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Athlete immunity: go with your gut feeling

Can a supplementing probiotic blend improve immune system function and protect against respiratory infections? SPB looks at new research

Regular subscribers to SPB will be aware of the link between immunity and vigorous exercise, which is something of a double-edged sword. Those who engage in regular exercise are known to have improved immune function compared to their sedentary counterparts, and indeed, exercise may even prevent or reverse the age-related decline in immunity observed in the population at large(1). However, heavy or prolonged bouts of exercise – eg running a marathon – generates a type of post-exercise immune depression sometimes referred to as ‘open window’ following the strenuous effort(2). Although this dip in immune function is transitory, it nevertheless creates favorable conditions for viruses and bacterial infections after the effort, especially in the upper respiratory tract(3). This can lead to an increase in the incidence of upper respiratory tract infections (URTIs – coughs, colds, sore throats etc) in the days following the event(3,4).

Nutrition and post-exercise immunity

There’s now good evidence that nutritional strategies can mitigate the stress in the immune system generated by exercise. These strategies have long included the use of such nutrients such as protein, carbohydrate, amino acids and vitamins/minerals during and after exercise (for a more in-depth discussion, readers are advised to see this article)(5,6). In more recent years however, there’s been an increasing interest in the use of probiotic supplements for enhancing athlete immunity.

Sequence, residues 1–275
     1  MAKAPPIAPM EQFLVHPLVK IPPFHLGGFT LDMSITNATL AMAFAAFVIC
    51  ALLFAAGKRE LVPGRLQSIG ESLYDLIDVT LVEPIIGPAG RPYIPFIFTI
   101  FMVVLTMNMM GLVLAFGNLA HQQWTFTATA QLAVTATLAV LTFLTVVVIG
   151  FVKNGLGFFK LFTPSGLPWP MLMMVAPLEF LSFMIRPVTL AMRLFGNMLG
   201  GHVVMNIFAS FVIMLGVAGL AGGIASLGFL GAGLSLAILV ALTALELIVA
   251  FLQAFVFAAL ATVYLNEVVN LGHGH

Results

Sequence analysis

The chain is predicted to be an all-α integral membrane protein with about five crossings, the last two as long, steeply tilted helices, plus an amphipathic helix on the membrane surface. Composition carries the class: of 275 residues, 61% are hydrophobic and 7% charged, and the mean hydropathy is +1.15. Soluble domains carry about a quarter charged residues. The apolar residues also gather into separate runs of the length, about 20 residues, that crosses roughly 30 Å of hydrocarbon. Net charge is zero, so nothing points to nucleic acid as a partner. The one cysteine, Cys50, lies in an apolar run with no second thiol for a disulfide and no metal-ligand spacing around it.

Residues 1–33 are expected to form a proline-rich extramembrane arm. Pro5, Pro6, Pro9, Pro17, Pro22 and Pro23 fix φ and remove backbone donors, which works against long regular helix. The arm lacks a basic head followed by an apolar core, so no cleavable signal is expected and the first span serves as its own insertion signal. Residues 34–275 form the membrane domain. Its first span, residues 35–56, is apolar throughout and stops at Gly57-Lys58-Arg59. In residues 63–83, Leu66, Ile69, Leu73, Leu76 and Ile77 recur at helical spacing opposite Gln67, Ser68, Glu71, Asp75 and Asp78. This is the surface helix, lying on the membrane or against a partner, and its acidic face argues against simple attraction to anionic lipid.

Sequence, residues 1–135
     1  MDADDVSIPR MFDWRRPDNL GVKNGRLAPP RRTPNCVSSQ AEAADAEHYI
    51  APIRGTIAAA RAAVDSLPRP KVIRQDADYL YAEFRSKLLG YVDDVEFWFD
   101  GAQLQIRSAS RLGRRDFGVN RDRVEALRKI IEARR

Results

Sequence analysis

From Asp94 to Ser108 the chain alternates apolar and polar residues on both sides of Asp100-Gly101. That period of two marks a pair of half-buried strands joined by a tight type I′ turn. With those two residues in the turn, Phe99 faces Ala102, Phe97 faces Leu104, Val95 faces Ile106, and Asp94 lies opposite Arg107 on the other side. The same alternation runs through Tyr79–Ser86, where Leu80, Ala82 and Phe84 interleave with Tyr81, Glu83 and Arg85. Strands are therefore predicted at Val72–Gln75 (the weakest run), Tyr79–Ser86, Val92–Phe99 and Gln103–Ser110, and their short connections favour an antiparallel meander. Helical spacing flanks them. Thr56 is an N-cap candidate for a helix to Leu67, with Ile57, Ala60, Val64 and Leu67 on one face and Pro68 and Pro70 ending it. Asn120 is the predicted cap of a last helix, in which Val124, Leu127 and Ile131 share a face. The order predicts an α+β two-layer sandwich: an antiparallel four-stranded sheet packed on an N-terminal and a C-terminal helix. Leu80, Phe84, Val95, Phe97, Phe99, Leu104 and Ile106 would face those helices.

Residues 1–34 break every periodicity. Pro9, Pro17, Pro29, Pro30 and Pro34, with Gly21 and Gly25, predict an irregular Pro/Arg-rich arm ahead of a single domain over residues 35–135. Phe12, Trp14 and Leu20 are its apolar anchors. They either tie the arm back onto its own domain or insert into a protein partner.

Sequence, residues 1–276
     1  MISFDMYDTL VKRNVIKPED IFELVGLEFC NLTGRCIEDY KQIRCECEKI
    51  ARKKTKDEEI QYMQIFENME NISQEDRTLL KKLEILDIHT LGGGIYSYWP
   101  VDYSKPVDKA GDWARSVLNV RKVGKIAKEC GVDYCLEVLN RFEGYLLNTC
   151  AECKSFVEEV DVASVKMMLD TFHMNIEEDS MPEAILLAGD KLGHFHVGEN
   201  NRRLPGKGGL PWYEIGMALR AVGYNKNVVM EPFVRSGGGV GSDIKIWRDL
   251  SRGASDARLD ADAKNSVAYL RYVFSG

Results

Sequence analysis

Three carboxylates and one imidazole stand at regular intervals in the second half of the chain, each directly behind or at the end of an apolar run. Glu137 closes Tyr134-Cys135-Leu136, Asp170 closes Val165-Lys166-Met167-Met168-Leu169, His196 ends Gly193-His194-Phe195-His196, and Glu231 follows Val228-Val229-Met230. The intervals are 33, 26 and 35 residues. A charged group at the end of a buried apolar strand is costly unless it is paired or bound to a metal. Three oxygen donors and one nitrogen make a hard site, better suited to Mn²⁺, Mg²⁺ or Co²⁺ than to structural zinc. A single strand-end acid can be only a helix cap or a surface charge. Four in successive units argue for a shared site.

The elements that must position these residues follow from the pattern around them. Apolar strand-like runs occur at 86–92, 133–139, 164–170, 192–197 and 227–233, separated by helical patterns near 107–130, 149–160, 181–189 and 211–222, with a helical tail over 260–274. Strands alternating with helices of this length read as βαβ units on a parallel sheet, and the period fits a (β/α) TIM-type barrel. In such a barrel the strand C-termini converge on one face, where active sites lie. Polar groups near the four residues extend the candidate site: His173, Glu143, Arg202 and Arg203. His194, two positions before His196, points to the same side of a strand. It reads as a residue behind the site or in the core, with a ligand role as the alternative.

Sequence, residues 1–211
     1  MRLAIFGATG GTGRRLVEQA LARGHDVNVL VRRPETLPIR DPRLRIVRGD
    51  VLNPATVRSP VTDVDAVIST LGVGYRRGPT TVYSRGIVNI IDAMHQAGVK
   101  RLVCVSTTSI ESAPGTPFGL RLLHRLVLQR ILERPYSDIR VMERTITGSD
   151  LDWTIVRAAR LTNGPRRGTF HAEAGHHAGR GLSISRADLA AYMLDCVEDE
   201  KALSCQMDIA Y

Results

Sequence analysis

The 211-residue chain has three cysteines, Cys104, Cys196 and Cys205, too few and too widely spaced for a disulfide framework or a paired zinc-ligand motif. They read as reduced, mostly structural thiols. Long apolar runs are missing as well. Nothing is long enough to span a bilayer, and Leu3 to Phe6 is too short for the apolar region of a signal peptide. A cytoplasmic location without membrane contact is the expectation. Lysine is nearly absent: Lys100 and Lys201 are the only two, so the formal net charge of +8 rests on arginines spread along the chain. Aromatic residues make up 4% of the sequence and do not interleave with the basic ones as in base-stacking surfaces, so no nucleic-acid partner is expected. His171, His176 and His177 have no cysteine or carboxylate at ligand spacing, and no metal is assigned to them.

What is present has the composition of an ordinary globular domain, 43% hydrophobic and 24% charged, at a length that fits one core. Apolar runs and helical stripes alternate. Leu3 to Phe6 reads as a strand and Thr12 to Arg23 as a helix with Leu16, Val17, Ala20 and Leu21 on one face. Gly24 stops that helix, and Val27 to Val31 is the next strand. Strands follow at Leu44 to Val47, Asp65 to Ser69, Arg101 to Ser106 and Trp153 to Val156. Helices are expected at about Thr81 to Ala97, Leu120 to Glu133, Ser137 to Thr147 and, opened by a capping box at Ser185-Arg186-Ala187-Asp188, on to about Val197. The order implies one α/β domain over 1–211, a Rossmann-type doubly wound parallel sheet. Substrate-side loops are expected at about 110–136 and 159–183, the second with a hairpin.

As we have discussed in previous SPB articles, a growing body of research has demonstrated that the use of probiotic supplementation produces immune and gastrointestinal system benefits. These include:

  • An increase in circulating leucocytes (key cellular components of the immune system)(7).
  • Stimulation of the maturation of immune cells present in the gut, such as lymphocytes, macrophages, and dendritic cells(8).
  • With certain strains of probiotics (eg Lactobacillus casei and Lactobacillus fermentium), a reduced risk of URTIs and flu-like symptoms, and an increase in the concentration of a key immune antibody known as ‘sIgA’ (the body’s first line of defence against pathogens) in gut mucosal tissues(9).

Probiotic formula for success

Despite the evidence for the benefits of probiotics in health (and particularly) immune function, data from studies on their effectiveness is rather variable, most likely due to fact that different studies have used different probiotic strains at different doses, and with different other components depending on the method of production of the bacteria in the supplements(10). To try and add a bit more clarity about the benefits of probiotics for maintaining post-exercise immunity and preventing URTIs following a strenuous event, a new study published in the journal ‘Nutrients’ has investigated the effects of probiotic supplementation on the production of key immune cells and subsequent URTIs after running a marathon(11).